I was at the Village at Corte Madera mall the other night with my kids, not shopping but waiting for my appointment at the Genius Bar in the Apple Store (so I could fix the thing that does my work). The mall was beautifully decorated with the tallest cut tree I’ve ever seen (but maybe it was fake). The lights were aglow, sparkling and shimmering off the red and silver balls. Oversized presents sat below the branches inspiring thoughts of the wonderful surprise they might hold. It all seemed to say, Purchase gifts, get ready, decorate, be festive. Read more »

Holiday Travel: The Nightmare Before Christmas

Long security lines, flight delays, bad weather -- avoiding them might be a Christmas miracle of its own.

Long security lines, flight delays, bad weather -- avoiding them might be a Christmas miracle of its own.

Among all the stressful things the holiday season brings, airplane travel might be the worst of them. Luckily, the New York Times has some fantastic tips on holiday travel. The article is a good mix of surprisingly clever advice and common-sense reminders:

  1. Map out Plan B. Figure out your next best flight options in case your plane is delayed or canceled.
  2. Load up your cellphone with emergency numbers.
  3. Add the numbers of some major hotel chains, like Starwood or Marriott, with airport locations.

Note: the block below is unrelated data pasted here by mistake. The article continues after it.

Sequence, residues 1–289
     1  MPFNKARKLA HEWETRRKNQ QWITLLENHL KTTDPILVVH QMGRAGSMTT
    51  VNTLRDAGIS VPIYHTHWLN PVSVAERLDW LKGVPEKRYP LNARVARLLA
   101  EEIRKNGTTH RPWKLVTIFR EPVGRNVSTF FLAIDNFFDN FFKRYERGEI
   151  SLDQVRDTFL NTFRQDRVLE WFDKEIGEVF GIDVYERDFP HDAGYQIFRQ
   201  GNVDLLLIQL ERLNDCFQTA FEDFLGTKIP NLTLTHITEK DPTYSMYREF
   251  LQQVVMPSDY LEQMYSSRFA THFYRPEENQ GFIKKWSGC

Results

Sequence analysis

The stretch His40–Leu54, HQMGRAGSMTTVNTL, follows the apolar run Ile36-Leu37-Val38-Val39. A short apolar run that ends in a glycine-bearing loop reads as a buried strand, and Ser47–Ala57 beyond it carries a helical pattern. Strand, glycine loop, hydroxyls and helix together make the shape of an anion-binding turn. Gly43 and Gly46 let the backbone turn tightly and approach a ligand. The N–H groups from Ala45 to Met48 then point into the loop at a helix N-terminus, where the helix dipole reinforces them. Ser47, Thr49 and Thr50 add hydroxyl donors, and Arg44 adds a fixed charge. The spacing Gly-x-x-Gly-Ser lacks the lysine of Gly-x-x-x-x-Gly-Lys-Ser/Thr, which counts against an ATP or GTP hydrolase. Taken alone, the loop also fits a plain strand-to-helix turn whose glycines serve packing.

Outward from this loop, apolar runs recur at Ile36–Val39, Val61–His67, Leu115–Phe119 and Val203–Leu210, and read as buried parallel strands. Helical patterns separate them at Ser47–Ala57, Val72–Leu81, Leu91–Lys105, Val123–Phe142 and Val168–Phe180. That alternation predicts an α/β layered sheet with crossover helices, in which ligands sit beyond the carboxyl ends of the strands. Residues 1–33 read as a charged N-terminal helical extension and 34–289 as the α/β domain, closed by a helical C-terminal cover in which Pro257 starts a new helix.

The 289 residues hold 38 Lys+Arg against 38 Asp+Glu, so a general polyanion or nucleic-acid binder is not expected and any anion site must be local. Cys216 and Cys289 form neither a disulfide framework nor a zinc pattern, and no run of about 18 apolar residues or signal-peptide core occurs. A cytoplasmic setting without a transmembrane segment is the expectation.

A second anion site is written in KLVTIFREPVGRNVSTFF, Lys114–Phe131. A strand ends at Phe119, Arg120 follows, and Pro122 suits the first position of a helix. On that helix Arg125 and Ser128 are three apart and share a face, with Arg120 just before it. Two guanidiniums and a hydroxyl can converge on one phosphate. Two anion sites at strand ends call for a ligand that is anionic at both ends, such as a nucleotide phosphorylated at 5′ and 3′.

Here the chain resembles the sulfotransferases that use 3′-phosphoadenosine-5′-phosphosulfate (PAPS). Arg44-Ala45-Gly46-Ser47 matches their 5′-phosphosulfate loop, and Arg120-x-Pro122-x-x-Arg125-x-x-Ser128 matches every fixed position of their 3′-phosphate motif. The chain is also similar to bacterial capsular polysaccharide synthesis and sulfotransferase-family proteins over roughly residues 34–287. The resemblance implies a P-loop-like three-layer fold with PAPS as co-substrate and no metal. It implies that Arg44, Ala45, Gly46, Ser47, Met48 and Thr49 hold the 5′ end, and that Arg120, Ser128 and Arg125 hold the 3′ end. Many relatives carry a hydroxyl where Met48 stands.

4. Set up a flight alert for yourself and anyone who may need to know your whereabouts.
  5. Pack smart.
  6. Know your rights. This is critical during busy travel periods when flights are often overbooked and confusion reigns.
  7. Check in ahead of time online.
  8. Reserve a parking spot.
  9. Know your airport. If your flight is delayed, you may end up spending a lot of time there.
  10. Be polite. Courtesy definitely gets more results than pushiness.

Read the rest at the New York Times.

Image from the New York Times.

With Head Lice, Persistence not Panic Keys Treatment

It's a monster--in your hair. Photo by Eran Finkle

It's a monster--in your hair. Photo by Eran Finkle

It’s not actually as bad as having lice, but researching and writing this article has made my head itch for two hours. It’s also reminded me of the last time I really worried about these parasites, standing in a long hallway with my third-grade classmates, waiting for a dreaded lice-check. The woman with the blue nurse’s cap and plastic gloves seemed grumpier than usual, probably because this was invariably her riskiest day on the job. While the small brown and gray critters most often inhabit kids’ scalps, they really don’t discriminate. Luckily that day my friends and I were all clear, but then my head rarely felt itchier— not even when I actually had lice—than when I stood in that line. Read more »

Black Friday, Smart Shoppers

The Black Friday rush outside the Apple Store. Photo by Steve Rhodes.

The Black Friday rush outside the Apple Store. Photo by Steve Rhodes.

This year, 195 million people went shopping on Black Friday, up quite a bit from last year’s 171 million. (And just for comparison sake, the voter turnout in the 2008 presidential election was 131 million people.) But while more shoppers were working off their Thanksgiving calories by rushing to their nearest Toys “R” Us and Best Buy, the general trend showed that they were spending less. Early numbers show that sales rose a sobering 0.5% over last year. Even a year into the recession, growth was way below the predicted 1.6% sales increase. Read more »